Well when I first saw the ads about Verizon Hub as “the Home Phone Reinvented.” I thought it was such a good idea integrated some sort of little computer into home phone. With a nice interface, that could really help technology grow exponentially into non-geek folks.
That’s really neat. I couldn’t wait figure out what is running behind. As a result, it comes with unknown processor, 128MB RAM (as storage??), 10/100 Ethernet, WLAN, support most video and audio codecs, and 7” (800x480) touch screen. On application layer, it has sort of gadget for weather, traffic, movies, traffic, calendar, contacts, tracking system w/map, and messaging (I assumed that it is e-mail?)
Yeah, sounds nice, but when it comes to the price and how to hook it up, that really kills the deal since it basically is VoIP phone and you need *your own* broadband to do so. $200 for device and $35 more a month for service. That is about $420 a year excluding all surcharges. If it really is home phone with DSL + access point, that would be fine. However, this thing uses up our internet. Nationwide free unlimited call is what you can find for free or much cheaper, e.g. Google Voice, or ~$15 for 4 months free US call with VoipBuster, $10 with T-mobile@home, etc, thus this is not counted. That’s just too much $ for Verizon to ask.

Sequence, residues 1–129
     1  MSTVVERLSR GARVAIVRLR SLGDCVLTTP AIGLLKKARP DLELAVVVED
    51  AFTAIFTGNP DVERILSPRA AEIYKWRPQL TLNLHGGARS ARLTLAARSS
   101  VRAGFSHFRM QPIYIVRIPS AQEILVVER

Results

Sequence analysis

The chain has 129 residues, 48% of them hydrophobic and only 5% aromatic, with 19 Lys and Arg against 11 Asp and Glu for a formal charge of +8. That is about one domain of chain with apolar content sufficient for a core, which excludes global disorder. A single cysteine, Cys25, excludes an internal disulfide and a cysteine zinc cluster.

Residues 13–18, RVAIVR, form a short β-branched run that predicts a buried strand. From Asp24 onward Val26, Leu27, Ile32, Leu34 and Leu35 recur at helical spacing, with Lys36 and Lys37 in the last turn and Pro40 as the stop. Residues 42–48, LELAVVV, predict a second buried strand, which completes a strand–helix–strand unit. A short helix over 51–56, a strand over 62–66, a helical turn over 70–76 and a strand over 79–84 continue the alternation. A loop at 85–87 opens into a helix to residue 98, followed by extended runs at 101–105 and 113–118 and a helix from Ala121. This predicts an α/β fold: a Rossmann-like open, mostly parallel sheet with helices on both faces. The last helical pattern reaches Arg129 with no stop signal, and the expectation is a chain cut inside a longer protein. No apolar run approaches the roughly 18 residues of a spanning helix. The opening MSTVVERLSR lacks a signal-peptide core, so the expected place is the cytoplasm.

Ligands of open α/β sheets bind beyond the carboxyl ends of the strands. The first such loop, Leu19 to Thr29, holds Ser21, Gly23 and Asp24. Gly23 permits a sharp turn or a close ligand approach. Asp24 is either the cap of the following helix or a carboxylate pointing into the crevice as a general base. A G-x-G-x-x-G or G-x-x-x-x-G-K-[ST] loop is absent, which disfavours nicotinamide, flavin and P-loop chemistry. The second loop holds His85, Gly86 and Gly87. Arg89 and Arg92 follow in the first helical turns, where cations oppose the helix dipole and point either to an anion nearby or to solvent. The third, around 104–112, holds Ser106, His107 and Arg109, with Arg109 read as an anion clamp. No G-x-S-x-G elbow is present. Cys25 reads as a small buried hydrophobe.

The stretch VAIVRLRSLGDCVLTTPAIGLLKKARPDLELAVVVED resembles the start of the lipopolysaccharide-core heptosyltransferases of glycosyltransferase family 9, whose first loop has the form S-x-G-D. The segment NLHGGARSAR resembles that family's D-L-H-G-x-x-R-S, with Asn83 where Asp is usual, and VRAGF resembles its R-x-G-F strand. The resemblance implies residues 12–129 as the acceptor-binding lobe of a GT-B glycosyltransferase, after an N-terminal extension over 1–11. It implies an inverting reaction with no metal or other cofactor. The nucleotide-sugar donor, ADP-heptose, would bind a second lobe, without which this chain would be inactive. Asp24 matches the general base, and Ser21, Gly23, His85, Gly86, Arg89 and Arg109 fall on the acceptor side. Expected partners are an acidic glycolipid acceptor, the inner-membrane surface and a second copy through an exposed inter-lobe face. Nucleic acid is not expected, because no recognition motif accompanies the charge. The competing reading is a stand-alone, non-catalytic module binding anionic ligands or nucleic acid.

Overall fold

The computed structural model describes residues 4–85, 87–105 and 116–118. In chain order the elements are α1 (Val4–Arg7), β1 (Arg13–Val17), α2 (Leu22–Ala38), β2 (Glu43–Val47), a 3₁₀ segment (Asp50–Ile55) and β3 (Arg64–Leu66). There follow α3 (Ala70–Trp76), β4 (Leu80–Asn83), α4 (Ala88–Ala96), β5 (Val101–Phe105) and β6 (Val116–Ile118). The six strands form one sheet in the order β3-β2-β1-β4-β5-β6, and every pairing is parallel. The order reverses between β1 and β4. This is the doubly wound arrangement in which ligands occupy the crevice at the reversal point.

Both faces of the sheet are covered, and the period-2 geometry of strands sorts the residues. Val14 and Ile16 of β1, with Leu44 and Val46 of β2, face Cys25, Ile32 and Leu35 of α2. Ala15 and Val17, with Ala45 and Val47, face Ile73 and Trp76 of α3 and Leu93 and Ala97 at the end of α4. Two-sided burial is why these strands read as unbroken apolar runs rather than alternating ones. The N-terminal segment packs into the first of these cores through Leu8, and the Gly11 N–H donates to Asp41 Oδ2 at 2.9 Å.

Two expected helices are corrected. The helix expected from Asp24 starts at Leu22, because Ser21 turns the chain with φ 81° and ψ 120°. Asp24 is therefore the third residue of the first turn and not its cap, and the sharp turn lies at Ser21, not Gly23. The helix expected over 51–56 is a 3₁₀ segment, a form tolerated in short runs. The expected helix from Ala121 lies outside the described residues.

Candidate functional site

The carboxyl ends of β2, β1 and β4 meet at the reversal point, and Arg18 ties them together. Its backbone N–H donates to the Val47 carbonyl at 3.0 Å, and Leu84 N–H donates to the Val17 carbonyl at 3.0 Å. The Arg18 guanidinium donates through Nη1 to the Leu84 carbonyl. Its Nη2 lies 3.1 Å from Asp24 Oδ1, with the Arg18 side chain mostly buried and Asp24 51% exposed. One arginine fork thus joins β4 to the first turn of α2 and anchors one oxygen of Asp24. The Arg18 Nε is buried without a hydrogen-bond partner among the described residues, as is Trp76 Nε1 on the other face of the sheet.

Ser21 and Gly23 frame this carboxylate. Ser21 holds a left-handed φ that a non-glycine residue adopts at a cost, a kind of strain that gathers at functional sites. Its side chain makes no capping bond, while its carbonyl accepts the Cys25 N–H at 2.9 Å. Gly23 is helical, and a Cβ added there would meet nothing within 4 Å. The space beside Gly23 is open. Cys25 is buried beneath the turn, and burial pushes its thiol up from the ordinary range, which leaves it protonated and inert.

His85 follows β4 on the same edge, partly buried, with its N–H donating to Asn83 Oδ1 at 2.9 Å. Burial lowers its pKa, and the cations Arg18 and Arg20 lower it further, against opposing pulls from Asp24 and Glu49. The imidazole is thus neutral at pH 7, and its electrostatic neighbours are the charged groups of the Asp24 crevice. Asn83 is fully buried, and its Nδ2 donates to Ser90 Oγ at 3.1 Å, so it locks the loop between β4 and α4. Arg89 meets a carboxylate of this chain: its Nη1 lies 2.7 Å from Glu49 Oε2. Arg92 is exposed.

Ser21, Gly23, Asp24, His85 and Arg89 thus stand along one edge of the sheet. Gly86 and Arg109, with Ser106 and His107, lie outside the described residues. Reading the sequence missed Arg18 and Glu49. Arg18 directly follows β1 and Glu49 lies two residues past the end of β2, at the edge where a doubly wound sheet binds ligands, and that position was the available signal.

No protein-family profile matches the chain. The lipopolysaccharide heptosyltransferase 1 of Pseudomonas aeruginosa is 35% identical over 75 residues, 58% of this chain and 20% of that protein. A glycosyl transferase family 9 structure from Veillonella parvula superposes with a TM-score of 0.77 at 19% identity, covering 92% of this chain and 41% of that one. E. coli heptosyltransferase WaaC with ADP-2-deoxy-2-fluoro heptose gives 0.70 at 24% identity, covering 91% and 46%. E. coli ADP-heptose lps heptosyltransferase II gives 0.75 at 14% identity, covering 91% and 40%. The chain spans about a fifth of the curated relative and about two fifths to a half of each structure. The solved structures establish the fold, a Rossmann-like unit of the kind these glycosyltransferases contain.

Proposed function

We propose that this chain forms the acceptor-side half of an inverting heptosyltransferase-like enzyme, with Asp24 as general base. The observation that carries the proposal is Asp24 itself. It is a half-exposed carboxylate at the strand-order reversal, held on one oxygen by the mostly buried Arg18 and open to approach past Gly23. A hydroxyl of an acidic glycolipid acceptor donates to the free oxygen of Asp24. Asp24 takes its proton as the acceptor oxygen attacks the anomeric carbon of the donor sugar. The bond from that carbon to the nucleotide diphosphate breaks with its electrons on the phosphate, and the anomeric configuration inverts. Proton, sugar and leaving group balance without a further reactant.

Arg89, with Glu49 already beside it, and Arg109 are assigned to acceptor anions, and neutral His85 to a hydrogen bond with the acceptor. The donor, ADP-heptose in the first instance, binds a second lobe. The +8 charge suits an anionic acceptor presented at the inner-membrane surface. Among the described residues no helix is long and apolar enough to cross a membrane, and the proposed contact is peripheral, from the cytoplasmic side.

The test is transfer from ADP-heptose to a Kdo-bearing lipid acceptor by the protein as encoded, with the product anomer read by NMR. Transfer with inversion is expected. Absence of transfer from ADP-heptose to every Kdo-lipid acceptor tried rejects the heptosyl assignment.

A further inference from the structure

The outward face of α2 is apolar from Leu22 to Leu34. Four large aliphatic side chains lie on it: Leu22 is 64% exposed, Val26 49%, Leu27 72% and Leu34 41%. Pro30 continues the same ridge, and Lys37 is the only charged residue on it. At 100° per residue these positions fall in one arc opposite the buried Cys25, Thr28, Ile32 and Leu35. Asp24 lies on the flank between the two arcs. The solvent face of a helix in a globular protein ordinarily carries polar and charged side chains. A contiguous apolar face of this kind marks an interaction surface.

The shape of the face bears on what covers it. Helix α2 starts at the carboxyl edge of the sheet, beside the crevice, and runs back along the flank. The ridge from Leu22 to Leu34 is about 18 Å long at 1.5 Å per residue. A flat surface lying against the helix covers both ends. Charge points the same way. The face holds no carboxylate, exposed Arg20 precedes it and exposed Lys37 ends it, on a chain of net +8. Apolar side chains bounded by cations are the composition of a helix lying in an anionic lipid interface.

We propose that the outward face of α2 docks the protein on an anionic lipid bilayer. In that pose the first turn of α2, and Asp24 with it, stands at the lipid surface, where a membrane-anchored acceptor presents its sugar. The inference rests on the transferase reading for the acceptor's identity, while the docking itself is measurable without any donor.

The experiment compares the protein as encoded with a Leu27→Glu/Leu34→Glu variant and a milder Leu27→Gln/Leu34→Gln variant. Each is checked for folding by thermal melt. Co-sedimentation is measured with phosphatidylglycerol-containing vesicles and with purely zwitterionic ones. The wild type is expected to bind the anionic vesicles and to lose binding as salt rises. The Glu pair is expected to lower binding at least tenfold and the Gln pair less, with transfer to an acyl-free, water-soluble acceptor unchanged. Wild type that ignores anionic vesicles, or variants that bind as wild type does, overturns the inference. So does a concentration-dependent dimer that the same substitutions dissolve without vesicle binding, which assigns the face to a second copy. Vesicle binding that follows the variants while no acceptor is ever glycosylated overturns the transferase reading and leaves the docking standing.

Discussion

Briefly with this setup, I guess $15 or $19.99 for service charge would be an okay point, $25 maximum! For me, I would love to have Eee Top thing + T-mobile @Home over this any day, but hey! this would be nice replacement for Vonage-like users though. In the end, Verizon hub is just another toy with premium price basically, not any innovation or evolution as I expected. You still can’t make a phone call when blackout. If you want more info then jump to VerizonWireless.com/hub [This is not even on Verizon.com]
note: This setup costs $620 for first year + $420 more next year, while Eee Top 15” touch screen costs $600 + $120 a year for T-mobile @home. That’s 7” with limit vs 15” with almost anything :-P